Manufacturers should strive to become “digitally mature enterprises” if they truly want to transform how their businesses work, a growing number of experts say.
The constant speed of change in most industries is similar to the blur of a car driving on the Autobahn. But if change is the road traveled, disruptive technologies are the vehicle. And just as drivers must be acutely aware of the car on either side of them on a highway, so too must CEOs be acutely aware of the competitors running alongside their company, lest they be disrupted.
There’s a lot riding on digital transformation. It could be the future of your business. However, the sheer velocity and invasive nature of digital disruption can be overwhelming to many organizations, as can piloting strategies to address it. Rather than keeping up with the status-quo, CEOs must act fast to get ahead of it.
Manufacturing’s history includes three waves of change: the “lean” revolution of the seventies, the outsourcing phenomenon of the nineties and the automation revolution of the current decade. But there is no rest for the weary, as McKinsey consultants are currently warning American manufacturers that they must get ready now for the next big change, which they are calling “Industry 4.0.”
Many CEOs and business owners understand the transformational nature of digital innovations and business models for their industries and their companies. But they still may not quite get the imperatives for their strategy and tactics that are dictated by the digital inevitability.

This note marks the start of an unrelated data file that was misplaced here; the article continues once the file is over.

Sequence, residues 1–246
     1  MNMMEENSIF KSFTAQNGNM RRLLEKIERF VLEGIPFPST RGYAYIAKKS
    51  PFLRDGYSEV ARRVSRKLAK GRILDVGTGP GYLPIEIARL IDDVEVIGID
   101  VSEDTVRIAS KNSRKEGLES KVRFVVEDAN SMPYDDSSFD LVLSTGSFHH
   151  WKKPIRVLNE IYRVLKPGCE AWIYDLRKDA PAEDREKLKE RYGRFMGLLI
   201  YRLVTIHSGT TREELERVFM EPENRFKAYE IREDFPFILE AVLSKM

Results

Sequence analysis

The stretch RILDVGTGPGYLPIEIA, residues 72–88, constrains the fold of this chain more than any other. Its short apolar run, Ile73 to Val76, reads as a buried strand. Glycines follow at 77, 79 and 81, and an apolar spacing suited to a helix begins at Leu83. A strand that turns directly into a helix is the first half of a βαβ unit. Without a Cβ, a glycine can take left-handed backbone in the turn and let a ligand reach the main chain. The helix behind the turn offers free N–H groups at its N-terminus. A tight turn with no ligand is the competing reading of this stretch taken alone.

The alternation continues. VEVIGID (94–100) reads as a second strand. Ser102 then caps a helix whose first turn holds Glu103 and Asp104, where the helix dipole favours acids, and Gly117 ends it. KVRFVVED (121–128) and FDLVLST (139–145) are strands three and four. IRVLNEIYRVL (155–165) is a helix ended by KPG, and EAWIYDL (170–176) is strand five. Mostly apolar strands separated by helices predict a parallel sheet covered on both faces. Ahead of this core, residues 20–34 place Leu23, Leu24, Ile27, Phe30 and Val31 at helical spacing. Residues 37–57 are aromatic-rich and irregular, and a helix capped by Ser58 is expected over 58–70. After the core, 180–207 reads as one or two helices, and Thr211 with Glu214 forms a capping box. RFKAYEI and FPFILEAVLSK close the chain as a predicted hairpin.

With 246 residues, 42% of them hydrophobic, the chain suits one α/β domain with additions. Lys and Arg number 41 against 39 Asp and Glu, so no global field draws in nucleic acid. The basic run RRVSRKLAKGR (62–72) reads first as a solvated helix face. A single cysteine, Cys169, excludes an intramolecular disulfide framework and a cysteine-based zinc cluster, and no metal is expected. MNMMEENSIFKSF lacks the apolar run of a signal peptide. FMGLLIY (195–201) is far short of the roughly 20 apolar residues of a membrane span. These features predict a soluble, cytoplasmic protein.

Now that technology and digital media are pervasive, the Consumer Electronics Show in Las Vegas—which was once targeted at geeks and techies—has now become a pivotal place for companies of all shapes and sizes to find partners, expand their capabilities and get answers to their tech-related questions. Here are six takeaways from CES that every CEO should know.
Digital technologies are disrupting nearly every business on the globe, but successful CEOs recognize the opportunities that appear as well as the challenges.
The year is 2003. You’re taking the helm at the world’s first electronic stock market, which, until relatively recently, was owned and operated by a regulatory organization but is now its own publicly traded entity.
Most industries are experiencing change at lightning speed compared to years past, with technology and global market dynamics often the catalysts.
Digital technologies will soon disrupt nearly all traditional companies’ business models regardless of industry, size or success.